I only check in here a couple of times a week. My mom LOVES her red Capri, she has used it twice now. During one of our outings we switched and she paddled my Tarpon and I got to paddle the Capri for a while and I really liked it. It does glide very smoothly and has a comfortable fit for us both (not at the same time, haha). We were both impressed with the quality of the workmanship, too. Thank you for recommending that kayak, it was a good choice.


Way cool.

– Last Updated: Jan-11-06 9:57 AM EST –

Paddlelite, wow, you not only paddle lite, but you also pack lite. Very nice.

And Chernoble, I am glad you and you mom like the Capri; I thought you would but of course everyone has their own opinions about things, especially boats. I hope that you and she enjoy it for years to come. For plastic I find it releatively light weight and coupled with the glide, fast. The only dings I can give it are that the seat back sometimes like to jump out of the peg holes (sometimes when I sit up to shift my PFD, the seta back will pop up); I improved this though by bending the metal prongs gently so that the seatback stays in the slots better... I slide it in at an angle, and then when seatback is upright, the prongs are sort of at an angle under the seat, if that m,akes any sense. And trhe hatch cover is sometimes a slight bear to screw on, but I can tell you that the other Projons, with neoprene sleeves, are really hard to put on also. I prefer the screw hatch of the Capri. And of course, red color is awesome!


– Last Updated: Jan-11-06 12:10 PM EST –

My seat back is slightly off center so that one side rubs against the cockpit rim. Im thinking this may eventually begin to abraid the fabric and make it tear.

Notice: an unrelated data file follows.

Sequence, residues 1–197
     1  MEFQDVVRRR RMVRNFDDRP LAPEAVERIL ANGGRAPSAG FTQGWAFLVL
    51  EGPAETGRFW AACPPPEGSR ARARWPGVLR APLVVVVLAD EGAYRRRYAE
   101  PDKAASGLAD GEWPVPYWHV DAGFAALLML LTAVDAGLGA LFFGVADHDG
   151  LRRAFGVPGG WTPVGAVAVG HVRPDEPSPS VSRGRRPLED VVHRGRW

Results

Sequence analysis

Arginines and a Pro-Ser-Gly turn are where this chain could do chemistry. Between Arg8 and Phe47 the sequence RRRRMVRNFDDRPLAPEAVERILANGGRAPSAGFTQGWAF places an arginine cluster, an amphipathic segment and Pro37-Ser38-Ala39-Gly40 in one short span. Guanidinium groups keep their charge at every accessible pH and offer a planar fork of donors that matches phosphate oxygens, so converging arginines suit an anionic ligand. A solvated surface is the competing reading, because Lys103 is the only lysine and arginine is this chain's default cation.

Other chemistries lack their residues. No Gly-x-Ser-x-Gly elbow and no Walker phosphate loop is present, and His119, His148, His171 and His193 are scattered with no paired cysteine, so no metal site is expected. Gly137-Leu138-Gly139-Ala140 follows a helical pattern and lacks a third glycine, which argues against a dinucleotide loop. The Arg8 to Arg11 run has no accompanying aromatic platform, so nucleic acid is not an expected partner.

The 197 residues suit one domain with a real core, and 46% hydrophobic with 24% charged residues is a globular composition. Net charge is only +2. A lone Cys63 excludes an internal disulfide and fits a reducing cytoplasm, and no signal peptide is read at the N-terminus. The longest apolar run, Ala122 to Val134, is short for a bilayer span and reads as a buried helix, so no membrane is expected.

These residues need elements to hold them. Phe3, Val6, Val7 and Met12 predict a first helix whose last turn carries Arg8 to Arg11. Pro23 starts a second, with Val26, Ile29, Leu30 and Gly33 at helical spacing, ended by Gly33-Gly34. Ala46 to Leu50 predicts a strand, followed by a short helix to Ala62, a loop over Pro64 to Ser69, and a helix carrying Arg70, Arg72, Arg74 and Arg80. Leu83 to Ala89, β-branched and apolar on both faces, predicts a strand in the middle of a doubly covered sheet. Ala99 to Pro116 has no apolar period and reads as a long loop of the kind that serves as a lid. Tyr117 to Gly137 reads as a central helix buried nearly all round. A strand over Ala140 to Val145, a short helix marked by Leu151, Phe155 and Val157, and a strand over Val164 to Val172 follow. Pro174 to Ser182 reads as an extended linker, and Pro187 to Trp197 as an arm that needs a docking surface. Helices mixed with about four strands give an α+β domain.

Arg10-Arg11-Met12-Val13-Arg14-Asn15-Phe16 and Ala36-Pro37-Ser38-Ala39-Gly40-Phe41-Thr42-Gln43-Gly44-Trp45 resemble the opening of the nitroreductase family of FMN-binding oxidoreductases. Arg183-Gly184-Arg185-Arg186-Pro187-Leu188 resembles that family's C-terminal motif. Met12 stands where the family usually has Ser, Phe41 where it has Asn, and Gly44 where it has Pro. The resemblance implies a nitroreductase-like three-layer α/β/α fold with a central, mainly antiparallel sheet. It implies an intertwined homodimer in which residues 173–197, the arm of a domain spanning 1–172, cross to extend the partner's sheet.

The hatch cover. On mine the "handles" run parallel to the boat length for the most part when the cover is seated and tightened. To open it takes less than a quarter turn counterclockwise. To close I again place the cover over the opening with the "handles" parallell to the boat, turn counterclockwise until it pops downward into the grooves and then turn it clockwise to tighten. This seems to nearly always work the first time. It is hard to do with one hand from the cockpit.

I don’t know of any problems
with the seat but I will ask my Mom if she has noticed anything. We did look at some other Prijons (can’t remember the names now but they were longer, narrower and more expensive) and she didn’t like the hatches with the neoprene underneath. I guess they are supposed to be really good hatches but she liked the Capri hatch better. I did too, but I guess a person would get used to the other ones.

Back off center
The back rest should not be off center… do you think you need to adjust the fore/aft cord that keeps the seat back upright? You know, the one that holds it up even if it is not touching the coaming.

Good point from both of you about the dry hatch. I think maybe it screws on better at first,but after some time in the sun, it warps slightly and I just have to put on more down pressure to get it5 in the threads, but it works and is very watertight. And as stated, paddlelite, there are plenty of places you could consider drilling into the plastic (I have done it, very easy) and secruting some more deck cords if you wish eg spare paddle. Most people do this who use the boat as theri primary paddler. I agree about the neoprene under all the other Prijon hatches; very hard to put on, I literally sit on the boat like a horse and yank and pull and even then it slaps me in the kisser a couple times before gettting on. Wish they would put the screw hatch on the other Prijons.